I'll make it short:
1. It is a Waldbühne concert (correctly identified by one of the reviewers here as "pops"). I wish that word had been present in the title, since it would have made my expectations more correct. I'm not a fan of the "pops" idea in general and of the Waldbühne series in particular.
2. The part of the concert that makes this worth watching is: Solberg singing Solveig's Song and Jansen's two pieces (Meditation from Thais and Saint-Saëns's Rondo Capriccioso). This is outstanding -- one just can't get enough of it. Rimsky-Korsakov's Scheherazade is good but not at the same level: despite a number of cute moments, it is not such a great piece of music, and the performance of it here was not the best I've heard, charitably speaking; not being a conductor and so for what it's worth -- it seemed that the conductor thought in short elements, like periods or something like that; the longer-scale view of the piece was lacking; there was no overall flow; it sounded kind of stop-and-go a bit, disconnected, a bit grating. Usually this piece has a heaving, billowing, swirling quality to it overall, but not here. The Nielsen piece was downright boring.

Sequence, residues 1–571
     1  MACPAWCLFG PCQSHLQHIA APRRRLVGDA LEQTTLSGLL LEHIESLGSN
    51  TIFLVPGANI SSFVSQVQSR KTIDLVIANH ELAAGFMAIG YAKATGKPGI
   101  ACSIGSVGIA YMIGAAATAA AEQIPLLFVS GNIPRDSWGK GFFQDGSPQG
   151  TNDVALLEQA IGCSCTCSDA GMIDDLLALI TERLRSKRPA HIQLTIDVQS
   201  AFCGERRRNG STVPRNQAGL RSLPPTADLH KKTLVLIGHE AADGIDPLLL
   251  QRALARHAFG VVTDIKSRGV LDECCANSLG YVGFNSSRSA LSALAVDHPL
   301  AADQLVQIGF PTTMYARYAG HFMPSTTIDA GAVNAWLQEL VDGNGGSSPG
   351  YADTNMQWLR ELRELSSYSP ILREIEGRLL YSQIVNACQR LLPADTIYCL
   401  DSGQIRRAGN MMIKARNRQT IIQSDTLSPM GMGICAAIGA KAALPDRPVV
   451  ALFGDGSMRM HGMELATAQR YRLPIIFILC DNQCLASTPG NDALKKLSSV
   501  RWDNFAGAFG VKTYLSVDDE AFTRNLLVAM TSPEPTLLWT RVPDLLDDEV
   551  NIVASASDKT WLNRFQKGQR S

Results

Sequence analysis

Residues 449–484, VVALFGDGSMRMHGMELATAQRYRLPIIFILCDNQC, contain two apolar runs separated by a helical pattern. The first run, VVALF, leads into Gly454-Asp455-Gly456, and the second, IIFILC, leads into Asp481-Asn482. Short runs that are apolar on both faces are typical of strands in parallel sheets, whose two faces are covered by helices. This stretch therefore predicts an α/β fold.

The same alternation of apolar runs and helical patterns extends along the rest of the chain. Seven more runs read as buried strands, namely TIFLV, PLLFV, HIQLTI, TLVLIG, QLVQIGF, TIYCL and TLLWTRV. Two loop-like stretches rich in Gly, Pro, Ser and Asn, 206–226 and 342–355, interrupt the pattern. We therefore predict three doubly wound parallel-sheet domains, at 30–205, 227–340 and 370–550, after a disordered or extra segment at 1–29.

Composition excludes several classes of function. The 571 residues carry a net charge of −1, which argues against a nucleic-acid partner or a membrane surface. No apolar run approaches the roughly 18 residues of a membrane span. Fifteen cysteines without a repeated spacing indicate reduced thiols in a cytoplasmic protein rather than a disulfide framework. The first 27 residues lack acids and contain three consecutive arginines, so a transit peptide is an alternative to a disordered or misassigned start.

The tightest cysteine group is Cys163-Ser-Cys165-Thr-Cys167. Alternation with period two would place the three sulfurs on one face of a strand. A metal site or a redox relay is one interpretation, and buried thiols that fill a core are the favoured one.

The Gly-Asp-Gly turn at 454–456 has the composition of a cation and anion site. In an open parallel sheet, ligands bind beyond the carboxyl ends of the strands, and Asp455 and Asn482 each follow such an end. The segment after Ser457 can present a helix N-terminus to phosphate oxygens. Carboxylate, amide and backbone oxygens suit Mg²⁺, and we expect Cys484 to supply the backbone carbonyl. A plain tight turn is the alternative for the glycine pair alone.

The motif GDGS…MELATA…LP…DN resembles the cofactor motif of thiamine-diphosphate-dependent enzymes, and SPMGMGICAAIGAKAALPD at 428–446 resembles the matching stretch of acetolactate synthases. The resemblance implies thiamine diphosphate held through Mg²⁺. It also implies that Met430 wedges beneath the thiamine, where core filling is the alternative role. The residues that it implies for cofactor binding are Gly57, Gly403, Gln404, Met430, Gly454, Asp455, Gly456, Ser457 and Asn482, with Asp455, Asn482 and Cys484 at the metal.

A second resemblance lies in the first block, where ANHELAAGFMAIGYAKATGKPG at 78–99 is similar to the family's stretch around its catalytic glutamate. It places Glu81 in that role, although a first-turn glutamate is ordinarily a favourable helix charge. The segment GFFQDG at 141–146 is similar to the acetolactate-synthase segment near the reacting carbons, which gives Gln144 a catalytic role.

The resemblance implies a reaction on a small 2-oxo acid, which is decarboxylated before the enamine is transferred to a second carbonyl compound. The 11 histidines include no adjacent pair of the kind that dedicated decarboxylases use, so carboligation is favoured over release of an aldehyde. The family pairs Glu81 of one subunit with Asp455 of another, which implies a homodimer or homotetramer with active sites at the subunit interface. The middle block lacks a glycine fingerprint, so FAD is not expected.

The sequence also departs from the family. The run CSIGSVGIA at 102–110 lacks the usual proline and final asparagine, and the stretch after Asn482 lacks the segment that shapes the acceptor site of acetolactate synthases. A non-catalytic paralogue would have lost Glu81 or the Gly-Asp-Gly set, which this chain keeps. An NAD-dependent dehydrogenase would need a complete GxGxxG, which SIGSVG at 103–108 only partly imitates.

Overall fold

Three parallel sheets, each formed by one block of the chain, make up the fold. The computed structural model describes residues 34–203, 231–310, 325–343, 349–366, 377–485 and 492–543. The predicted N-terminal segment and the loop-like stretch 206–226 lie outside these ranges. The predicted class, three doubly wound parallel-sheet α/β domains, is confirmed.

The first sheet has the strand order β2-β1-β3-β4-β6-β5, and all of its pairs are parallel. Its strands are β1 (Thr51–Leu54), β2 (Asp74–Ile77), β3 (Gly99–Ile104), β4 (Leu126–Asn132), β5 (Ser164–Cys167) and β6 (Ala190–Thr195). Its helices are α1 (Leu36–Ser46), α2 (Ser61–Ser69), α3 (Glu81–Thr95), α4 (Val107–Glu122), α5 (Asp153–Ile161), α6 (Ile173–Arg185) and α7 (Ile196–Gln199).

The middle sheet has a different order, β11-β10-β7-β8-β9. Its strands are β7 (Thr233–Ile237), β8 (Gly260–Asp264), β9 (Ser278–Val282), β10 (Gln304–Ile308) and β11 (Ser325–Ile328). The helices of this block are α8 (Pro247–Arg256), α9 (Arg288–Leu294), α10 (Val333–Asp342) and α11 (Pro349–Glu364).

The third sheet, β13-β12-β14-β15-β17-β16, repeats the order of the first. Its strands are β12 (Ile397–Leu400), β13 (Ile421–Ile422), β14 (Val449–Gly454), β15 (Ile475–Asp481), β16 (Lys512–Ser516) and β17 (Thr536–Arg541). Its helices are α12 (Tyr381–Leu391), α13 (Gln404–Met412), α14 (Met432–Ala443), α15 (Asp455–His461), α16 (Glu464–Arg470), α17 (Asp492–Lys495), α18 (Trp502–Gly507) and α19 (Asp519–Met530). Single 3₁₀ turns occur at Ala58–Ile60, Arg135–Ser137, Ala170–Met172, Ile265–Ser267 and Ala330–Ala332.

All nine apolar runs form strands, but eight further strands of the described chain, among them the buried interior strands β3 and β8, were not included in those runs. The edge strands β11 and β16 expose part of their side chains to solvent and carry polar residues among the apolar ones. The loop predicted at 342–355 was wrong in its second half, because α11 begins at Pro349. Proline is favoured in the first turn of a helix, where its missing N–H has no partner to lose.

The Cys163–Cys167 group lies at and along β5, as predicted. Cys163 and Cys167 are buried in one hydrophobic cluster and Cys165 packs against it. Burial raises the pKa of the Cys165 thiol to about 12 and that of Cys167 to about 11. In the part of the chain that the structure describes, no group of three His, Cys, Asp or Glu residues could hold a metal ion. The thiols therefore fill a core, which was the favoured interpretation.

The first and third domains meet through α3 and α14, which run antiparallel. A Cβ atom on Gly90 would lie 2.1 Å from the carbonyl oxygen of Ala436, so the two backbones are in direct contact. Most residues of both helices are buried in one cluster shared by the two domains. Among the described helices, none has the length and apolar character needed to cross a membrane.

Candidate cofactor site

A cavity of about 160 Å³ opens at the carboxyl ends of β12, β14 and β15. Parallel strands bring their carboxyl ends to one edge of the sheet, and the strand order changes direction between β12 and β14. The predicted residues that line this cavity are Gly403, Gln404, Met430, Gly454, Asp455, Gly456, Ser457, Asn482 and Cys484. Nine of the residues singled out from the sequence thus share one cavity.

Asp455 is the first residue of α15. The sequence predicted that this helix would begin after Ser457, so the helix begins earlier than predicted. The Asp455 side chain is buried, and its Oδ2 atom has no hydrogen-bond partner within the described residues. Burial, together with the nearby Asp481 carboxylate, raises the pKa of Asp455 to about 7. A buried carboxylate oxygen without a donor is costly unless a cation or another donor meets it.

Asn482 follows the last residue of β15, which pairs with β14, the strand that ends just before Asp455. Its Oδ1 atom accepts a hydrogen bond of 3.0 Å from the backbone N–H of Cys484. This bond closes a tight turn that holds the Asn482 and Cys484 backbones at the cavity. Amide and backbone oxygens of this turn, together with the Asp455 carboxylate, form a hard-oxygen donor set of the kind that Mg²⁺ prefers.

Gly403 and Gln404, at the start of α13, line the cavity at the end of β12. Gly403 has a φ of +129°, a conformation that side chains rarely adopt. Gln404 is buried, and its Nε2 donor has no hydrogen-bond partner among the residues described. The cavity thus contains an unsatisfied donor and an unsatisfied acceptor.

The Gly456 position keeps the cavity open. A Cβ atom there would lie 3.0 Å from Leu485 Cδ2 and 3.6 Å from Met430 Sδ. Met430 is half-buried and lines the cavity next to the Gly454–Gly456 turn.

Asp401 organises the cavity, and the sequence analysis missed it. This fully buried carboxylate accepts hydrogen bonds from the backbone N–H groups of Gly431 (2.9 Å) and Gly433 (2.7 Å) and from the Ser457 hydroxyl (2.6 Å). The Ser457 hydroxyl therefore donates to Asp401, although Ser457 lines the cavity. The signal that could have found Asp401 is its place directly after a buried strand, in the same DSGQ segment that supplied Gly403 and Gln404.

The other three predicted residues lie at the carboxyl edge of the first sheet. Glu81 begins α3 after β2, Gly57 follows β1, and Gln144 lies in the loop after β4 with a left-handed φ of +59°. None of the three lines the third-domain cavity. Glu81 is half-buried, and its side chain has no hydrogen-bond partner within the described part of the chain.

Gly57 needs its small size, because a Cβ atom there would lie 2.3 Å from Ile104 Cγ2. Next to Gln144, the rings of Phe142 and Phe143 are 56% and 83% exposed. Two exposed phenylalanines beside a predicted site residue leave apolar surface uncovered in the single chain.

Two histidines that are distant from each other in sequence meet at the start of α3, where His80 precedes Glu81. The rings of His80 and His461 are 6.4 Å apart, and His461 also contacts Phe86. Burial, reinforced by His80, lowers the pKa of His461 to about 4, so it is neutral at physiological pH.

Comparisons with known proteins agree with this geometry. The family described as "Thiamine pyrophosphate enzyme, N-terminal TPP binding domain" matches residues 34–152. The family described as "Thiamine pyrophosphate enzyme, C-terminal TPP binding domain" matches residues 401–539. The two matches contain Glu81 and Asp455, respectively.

3. The beginning (Mozart overture) was OK, but I didn't care for it much. It's probably subjective, but with known operas, my musical brain "expects", as it were, the spectacle proper after the overture; its not being there feels strange.
4. The concert ends in a blast of germanic beer music that the locals apparently love, but I didn't. The last twenty minutes spoil the overall thing, imo.
So: Jansen and Solberg numbers: five stars, no question (this is the part I've watched many times). The rest between four and two stars. Rimsky-Korsakov being split in two didn't bother me (though it is unusual). This was done, I figure, to make the programme more varied, contrasting, less taxing on the lovers of german beer music. Sound and video are impeccable. I'll give the whole thing five stars for the sakes of the best on this DVD, but be forewarned, it's not all at this level. Well, somewhat depending on how you like teutonic boom-boom marschen and elderly, portly conductors jumping up and down in a baboon fashion in a classical-music venue.